"I'm there to serve her," said Flake, referring to the new president, longtime City University of New York administrator Marcia Keizs. "I want her in the best position to succeed."Keizs took over last month after her predecessor, Robert Hampton, was asked by CUNY to resign after 18 months in office, ostensibly because he did not move quickly enough with changes sought by those in the area with influence and did not develop a connection with the community, according to insiders. After Hampton's departure, former Borough President Claire Shulman and U.S. Rep. Gregory Meeks (D-St. Albans) pushed for Flake to fill the post, but the minister ultimately did not seek the job because he already runs Jamaica's Greater Allen Cathedral and Ohio's Wilberforce University. During discussions with CUNY Chancellor Matthew Goldstein , however, Flake said the administrator told him there was concern about a new leader securing community support and suggested the consulting post. Before Hampton, York had gone through a series of presidents."I don't want to see that happen again," Flake said in an interview Tuesday. The former U.S. representative will be charged with developing connections with area businesses and serving as a liaison to the community, the university said, citing his reputation for leadership and getting projects completed. Flake will be paid $25,000 from unspecified private funding.Responding to the move, Keizs said, "this will reinvigorate York College's outreach. I see it both fast-tracking and strengthening our relations." While some community leaders wanted an outsider to guide the school in order to shake things up, Keizs has said her knowledge of the CUNY system will help her move quickly. She has also said she wants to strengthen academics, increase enrollment and improve student retention at York.Flake said the community was particularly interested in fully utilizing links between the university and a U.S. Food and Drug Administration lab on campus as well as to nearby Kennedy Airport and a Federal Aviation Administration office. But he asked other leaders to be patient with Keizs as it appeared she also needed to restructure the university. "Fixing is a time-consuming process," he said.Reach reporter Michael Morton by e-mail at news@times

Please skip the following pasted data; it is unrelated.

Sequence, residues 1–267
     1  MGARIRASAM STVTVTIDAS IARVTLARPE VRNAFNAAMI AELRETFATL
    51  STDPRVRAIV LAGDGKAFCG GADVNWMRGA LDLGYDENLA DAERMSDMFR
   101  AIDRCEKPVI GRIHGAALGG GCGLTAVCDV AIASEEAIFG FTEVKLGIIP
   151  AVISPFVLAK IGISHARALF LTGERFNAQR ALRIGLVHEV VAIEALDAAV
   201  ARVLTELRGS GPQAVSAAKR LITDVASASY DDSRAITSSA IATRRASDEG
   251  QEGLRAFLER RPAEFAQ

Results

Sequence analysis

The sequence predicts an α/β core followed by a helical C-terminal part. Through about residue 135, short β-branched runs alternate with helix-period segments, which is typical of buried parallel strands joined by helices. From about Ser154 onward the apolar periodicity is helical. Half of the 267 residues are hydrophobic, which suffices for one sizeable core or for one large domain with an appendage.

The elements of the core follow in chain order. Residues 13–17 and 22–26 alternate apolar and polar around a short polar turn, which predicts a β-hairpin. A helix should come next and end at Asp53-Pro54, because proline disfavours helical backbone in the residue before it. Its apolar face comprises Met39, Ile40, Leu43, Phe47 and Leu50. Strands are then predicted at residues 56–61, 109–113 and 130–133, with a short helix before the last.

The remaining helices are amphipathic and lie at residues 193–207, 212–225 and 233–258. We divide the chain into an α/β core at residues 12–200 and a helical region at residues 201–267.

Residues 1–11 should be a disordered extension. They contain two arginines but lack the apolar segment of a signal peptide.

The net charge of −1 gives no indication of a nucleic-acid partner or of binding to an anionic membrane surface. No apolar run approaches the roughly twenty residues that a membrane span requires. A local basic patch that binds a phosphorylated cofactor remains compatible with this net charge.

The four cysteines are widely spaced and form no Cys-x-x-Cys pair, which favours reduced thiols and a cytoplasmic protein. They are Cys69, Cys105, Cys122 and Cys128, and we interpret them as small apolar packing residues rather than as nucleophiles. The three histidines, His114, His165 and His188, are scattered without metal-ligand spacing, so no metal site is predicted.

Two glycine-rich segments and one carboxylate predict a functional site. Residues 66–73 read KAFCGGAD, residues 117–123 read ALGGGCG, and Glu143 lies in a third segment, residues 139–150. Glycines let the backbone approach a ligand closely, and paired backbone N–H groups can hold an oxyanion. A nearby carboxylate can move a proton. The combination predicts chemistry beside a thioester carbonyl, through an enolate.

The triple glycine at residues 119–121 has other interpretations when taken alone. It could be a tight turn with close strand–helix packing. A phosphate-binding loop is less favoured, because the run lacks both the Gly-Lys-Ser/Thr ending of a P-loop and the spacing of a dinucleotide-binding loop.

©2005 Community News Group
By submitting this comment, you agree to the following terms:
You agree that you, and not TimesLedger.com or its affiliates, are fully responsible for the content that you post. You agree not to post any abusive, obscene, vulgar, slanderous, hateful, threatening or sexually-oriented material or any material that may violate applicable law; doing so may lead to the removal of your post and to your being permanently banned from posting to the site. You grant to TimesLedger.com the royalty-free, irrevocable, perpetual and fully sublicensable license to use, reproduce, modify, adapt, publish, translate, create derivative works from, distribute, perform and display such content in whole or in part world-wide and to incorporate it in other works in any form, media or technology now known or later developed.